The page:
Music's institution and the (de)colonial

Activity: Participating in or organising an eventParticipation in conference


After an open call, we invited contributers to a two-day conference at Lund University, Sweden, on 4–5 May 2023, welcoming researchers, artists, and activists whose work explore issues of colonialism, decolonial resistance, and/or institutional decolonisation initiatives in relation to music’s past and present.

In the call we were open towards traditional papers, as well as creative methods, interdisciplinary approaches, and different presentation formats. We asked all contributors to specifically address one of the following three themes:

1. Musical colonisation
Kofi Agawu has directed attention to the processes and effects of “musical
colonization” (2016, 338), highlighting, among other things, the legacy of colonial
European ethnomusicology and the global imposition of Protestant hymns’ diatonic
tonality in the nineteenth century. In the African context this was, according to Agawu,
“musical violence of a very high order,” the intricacies and processes of which “remain
to be properly explored” (ibid.). We therefore invite contributors to explore the
processes and consequences of musical colonisation, and the different forms it has
taken in different times and places. Specifically:
- How have colonising powers sought to categorise and taxonomise indigenous
- How have the musical instruments, styles, and conventions of colonised people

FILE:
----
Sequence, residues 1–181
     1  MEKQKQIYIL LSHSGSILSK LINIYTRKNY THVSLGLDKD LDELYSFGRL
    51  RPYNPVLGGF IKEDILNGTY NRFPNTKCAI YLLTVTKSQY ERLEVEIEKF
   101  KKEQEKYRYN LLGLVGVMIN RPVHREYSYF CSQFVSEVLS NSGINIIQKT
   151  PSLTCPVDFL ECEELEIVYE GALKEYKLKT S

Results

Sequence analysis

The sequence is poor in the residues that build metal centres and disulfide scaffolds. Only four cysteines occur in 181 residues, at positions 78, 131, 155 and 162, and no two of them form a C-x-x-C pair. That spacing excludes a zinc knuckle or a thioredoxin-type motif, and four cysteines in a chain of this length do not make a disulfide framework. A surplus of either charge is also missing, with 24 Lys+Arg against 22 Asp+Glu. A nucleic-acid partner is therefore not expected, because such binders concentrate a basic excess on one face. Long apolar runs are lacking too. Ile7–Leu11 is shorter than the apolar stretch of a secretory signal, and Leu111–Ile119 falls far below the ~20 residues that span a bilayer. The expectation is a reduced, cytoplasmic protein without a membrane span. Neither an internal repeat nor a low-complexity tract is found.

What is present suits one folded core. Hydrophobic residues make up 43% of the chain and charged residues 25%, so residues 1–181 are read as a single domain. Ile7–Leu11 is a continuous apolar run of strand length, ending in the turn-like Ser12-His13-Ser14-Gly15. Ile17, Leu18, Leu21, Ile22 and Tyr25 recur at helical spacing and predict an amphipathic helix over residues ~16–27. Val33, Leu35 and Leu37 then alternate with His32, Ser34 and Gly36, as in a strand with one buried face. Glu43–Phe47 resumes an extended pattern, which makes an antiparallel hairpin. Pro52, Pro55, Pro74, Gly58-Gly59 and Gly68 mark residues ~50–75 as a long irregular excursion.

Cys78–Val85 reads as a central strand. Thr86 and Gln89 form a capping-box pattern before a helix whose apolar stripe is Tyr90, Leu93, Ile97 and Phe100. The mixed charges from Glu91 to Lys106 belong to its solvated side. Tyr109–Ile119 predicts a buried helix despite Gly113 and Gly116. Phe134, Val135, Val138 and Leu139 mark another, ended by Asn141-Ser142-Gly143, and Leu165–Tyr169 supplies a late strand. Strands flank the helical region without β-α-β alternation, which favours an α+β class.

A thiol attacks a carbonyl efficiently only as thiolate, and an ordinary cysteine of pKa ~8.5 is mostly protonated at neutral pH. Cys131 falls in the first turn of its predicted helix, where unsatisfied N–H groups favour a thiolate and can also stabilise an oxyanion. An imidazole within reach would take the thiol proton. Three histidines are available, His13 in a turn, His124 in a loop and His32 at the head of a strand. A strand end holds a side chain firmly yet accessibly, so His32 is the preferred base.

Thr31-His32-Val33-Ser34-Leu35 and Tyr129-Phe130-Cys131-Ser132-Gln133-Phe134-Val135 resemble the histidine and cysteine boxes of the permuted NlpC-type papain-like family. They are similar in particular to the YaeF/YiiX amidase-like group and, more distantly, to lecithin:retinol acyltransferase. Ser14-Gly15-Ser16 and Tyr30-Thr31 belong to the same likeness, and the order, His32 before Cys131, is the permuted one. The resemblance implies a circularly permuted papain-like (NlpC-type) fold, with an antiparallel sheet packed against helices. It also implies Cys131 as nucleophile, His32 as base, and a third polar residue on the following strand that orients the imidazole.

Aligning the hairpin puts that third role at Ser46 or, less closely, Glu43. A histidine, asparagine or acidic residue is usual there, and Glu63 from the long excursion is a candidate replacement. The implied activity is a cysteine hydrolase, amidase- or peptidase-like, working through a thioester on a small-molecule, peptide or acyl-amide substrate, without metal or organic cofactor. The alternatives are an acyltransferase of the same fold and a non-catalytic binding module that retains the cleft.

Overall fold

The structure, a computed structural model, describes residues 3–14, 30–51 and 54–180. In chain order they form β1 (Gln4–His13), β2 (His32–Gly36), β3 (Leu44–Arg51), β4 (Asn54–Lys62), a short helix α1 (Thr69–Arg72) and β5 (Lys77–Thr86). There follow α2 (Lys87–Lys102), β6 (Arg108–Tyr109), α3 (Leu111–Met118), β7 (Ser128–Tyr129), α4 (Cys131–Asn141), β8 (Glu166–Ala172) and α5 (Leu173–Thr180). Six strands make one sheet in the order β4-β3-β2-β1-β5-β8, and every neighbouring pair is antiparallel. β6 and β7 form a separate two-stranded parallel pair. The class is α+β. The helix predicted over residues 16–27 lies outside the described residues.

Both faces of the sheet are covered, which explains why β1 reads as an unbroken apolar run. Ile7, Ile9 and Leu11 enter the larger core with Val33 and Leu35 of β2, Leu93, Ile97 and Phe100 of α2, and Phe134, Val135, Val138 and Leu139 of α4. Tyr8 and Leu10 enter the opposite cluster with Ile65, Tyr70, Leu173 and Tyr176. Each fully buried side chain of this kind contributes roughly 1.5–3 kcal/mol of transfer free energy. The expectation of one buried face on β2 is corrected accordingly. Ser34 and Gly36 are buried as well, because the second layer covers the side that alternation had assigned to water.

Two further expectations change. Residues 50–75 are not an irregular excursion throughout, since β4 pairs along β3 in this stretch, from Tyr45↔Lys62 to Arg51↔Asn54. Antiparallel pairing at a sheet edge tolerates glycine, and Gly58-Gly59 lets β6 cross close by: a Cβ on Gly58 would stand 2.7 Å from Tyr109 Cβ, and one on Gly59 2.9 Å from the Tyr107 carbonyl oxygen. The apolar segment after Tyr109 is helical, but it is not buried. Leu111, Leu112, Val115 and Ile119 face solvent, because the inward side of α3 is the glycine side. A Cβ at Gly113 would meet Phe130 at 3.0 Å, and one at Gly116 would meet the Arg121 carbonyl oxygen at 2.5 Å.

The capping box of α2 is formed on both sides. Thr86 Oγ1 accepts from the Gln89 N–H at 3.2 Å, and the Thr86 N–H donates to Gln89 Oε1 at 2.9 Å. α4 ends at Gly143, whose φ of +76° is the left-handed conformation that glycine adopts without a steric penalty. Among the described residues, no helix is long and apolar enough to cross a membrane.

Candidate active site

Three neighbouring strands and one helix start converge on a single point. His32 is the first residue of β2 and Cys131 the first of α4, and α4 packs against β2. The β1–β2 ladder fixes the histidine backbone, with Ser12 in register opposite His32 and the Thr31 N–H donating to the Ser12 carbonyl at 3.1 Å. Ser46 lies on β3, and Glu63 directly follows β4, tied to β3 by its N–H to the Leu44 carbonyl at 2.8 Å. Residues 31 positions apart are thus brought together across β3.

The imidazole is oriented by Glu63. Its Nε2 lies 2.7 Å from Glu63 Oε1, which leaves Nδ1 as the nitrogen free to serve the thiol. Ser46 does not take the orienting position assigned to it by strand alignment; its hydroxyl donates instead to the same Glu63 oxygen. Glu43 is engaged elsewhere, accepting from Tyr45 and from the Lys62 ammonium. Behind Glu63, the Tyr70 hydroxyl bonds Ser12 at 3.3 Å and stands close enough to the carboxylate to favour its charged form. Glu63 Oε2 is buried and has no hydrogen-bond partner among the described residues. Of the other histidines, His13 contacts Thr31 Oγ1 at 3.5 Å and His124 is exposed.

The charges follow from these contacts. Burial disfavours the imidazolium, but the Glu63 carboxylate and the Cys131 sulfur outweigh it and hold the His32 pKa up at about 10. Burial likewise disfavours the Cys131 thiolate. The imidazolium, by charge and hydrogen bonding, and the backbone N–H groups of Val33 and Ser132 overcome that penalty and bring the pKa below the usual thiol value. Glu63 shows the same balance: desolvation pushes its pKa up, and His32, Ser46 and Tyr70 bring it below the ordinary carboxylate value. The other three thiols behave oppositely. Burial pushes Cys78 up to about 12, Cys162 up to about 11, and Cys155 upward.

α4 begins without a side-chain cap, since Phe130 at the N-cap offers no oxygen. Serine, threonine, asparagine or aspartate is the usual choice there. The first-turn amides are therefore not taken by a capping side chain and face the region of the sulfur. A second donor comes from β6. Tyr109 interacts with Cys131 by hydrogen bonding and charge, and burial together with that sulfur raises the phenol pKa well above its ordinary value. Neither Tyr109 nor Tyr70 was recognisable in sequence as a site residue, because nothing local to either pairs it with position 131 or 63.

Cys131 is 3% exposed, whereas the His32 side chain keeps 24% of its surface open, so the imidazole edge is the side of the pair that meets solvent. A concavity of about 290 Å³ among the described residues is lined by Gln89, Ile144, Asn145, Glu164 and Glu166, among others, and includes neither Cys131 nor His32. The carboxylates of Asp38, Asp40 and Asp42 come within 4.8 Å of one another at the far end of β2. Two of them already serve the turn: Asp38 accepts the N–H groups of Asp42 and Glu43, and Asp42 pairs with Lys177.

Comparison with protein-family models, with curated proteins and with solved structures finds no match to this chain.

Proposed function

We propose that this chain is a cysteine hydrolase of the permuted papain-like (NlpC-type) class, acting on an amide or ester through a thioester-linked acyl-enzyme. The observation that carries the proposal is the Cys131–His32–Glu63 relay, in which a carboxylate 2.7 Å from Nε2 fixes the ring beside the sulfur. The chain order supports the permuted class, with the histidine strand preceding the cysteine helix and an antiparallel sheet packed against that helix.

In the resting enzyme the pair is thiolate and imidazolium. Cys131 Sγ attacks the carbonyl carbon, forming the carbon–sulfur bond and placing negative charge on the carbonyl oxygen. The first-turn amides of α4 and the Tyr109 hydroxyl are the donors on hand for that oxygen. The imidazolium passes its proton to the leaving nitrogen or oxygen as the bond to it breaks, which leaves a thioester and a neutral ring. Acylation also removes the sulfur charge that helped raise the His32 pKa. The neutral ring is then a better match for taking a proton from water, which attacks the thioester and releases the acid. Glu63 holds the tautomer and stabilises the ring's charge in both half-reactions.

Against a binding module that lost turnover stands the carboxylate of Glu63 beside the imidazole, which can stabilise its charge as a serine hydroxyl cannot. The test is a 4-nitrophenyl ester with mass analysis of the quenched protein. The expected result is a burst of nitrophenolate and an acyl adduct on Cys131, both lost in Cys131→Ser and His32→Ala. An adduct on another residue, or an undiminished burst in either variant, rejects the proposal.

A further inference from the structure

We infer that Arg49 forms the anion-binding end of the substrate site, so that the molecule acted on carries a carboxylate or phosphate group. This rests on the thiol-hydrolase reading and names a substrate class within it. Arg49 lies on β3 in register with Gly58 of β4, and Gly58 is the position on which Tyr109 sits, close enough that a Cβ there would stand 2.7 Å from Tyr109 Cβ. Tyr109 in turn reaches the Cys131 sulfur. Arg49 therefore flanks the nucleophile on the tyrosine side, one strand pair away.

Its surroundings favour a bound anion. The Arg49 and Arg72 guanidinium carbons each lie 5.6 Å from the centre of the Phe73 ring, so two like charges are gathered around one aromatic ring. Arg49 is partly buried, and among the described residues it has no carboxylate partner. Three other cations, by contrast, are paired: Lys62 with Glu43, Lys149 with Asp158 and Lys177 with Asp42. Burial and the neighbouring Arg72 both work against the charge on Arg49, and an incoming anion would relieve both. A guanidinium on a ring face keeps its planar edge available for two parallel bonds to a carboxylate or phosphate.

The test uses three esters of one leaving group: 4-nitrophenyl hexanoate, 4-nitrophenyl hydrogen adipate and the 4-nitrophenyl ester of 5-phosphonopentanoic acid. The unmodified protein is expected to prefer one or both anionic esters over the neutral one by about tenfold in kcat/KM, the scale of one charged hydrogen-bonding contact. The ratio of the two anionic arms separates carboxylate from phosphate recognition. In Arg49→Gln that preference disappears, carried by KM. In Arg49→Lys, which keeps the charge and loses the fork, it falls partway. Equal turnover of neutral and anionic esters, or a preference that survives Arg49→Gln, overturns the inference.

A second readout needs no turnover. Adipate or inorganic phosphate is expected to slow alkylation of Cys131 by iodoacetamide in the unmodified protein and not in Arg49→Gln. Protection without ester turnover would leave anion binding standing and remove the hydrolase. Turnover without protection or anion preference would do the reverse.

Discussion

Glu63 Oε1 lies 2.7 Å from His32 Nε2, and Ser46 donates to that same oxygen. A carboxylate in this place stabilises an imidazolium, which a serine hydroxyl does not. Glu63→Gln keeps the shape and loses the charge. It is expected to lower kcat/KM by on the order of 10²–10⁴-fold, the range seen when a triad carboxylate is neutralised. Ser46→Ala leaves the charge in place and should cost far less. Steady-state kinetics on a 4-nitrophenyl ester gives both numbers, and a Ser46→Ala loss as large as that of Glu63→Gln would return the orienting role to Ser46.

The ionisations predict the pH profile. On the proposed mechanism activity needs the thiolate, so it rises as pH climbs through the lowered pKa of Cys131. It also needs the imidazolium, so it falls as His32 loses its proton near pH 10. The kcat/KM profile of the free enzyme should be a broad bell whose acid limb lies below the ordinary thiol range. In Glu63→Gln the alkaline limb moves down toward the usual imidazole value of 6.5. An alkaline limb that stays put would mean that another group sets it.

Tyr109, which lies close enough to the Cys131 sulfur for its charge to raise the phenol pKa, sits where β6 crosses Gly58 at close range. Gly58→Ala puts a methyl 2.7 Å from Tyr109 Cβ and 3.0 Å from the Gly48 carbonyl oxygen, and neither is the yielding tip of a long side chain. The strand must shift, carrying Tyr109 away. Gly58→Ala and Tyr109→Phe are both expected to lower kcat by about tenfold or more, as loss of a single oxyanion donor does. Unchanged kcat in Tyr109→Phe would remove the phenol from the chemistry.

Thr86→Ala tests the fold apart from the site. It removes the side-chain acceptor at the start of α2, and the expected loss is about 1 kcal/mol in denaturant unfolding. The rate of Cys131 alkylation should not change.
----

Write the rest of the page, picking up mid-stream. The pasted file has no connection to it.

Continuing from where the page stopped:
been suppressed?
- Through which disciplinary techniques and instruments have colonisers
imposed their musical practices and tonal systems?
- How has the composition and performance of music functioned as a means of
claiming and asserting control over colonised places and peoples?

2. Music as decolonial resistance
Throughout history many musicians and composers have expressed their political
resistance through music practices. The historical Avant-garde did it with abstraction
and insistence on art’s materiality, 1960s and 1970s protest movements turned to folksong tradition and “sing and song” writing, the punk movement used loudness and
noise, while artists in totalitarian systems often turn to religious references and
expressions. With this context we ask contributors to consider:
- How is musical resistance expressed in colonial contexts?
- What are the institutional strategies?
- What are the aesthetics?
- How can music be an active part of the processes of decolonisation?

3. Dynamics of colonialism in musical institutions today
National governments and inter-governmental organisations have in the past two
decades launched programmes meant to explicitly address their colonial legacies in
the field of the arts, often part of Diversity, Equality and Inclusion (DEI) initiatives. Our
focus is primarily on the Nordic region, but we welcome studies from other contexts,
as well as explorations of the geographical and geopolitical complexity of musical
institutions’ decolonisation policies, including from STS and infrastructural critique
perspectives, with questions such as:
- How are policies addressing colonial legacies being deployed, and how are they
interacting with and potentially changing theories of musical aesthetics?
- To what extent do they address and overcome colonial relations?
- How do concepts of decolonisation intersect with other DEI initiatives in music
and arts policy today?
- What are the blindspots and negative unintended consequences of these
- In what ways do these programmes intersect with dynamics of neocolonialism?
What do contemporary debates on decolonisation in music and art discourses
fail to address and why?
Period2023 May 42023 May 5
Event typeConference
LocationLund, SwedenShow on map
Degree of RecognitionInternational

UKÄ subject classification

  • Humanities

Free keywords

  • music
  • decolonial thinking
  • decoloniality
  • decolonization
  • musicology
  • music history
  • music education